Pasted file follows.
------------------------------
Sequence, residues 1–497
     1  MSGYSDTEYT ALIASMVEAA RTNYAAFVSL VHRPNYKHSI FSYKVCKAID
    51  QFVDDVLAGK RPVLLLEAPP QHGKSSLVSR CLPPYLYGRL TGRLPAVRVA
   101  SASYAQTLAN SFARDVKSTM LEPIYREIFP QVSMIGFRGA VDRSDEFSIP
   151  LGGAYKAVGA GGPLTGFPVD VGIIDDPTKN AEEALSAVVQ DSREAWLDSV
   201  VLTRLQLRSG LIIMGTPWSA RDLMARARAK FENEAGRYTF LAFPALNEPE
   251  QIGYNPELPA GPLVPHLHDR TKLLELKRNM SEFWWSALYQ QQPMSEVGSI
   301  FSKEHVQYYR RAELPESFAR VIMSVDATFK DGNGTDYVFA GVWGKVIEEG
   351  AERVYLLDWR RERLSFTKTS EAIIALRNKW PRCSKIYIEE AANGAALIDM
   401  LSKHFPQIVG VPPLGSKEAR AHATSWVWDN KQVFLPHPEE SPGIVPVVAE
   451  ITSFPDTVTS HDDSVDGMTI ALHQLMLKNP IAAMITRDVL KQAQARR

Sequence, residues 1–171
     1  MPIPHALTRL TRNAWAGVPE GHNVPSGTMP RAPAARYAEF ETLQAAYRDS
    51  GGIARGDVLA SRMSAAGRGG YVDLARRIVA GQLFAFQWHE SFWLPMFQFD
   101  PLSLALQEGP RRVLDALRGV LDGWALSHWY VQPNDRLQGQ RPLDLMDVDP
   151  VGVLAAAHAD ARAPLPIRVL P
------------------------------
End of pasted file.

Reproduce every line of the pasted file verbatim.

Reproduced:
Sequence, residues 1–497
     1  MSGYSDTEYT ALIASMVEAA RTNYAAFVSL VHRPNYKHSI FSYKVCKAID
    51  QFVDDVLAGK RPVLLLEAPP QHGKSSLVSR CLPPYLYGRL TGRLPAVRVA
   101  SASYAQTLAN SFARDVKSTM LEPIYREIFP QVSMIGFRGA VDRSDEFSIP
   151  LGGAYKAVGA GGPLTGFPVD VGIIDDPTKN AEEALSAVVQ DSREAWLDSV
   201  VLTRLQLRSG LIIMGTPWSA RDLMARARAK FENEAGRYTF LAFPALNEPE
   251  QIGYNPELPA GPLVPHLHDR TKLLELKRNM SEFWWSALYQ QQPMSEVGSI
   301  FSKEHVQYYR RAELPESFAR VIMSVDATFK DGNGTDYVFA GVWGKVIEEG
   351  AERVYLLDWR RERLSFTKTS EAIIALRNKW PRCSKIYIEE AANGAALIDM
   401  LSKHFPQIVG VPPLGSKEAR AHATSWVWDN KQVFLPHPEE SPGIVPVVAE
   451  ITSFPDTVTS HDDSVDGMTI ALHQLMLKNP IAAMITRDVL KQAQARR

Sequence, residues 1–171
     1  MPIPHALTRL TRNAWAGVPE GHNVPSGTMP RAPAARYAEF ETLQAAYRDS
    51  GGIARGDVLA SRMSAAGRGG YVDLARRIVA GQLFAFQWHE SFWLPMFQFD
   101  PLSLALQEGP RRVLDALRGV LDGWALSHWY VQPNDRLQGQ RPLDLMDVDP
   151  VGVLAAAHAD ARAPLPIRVL P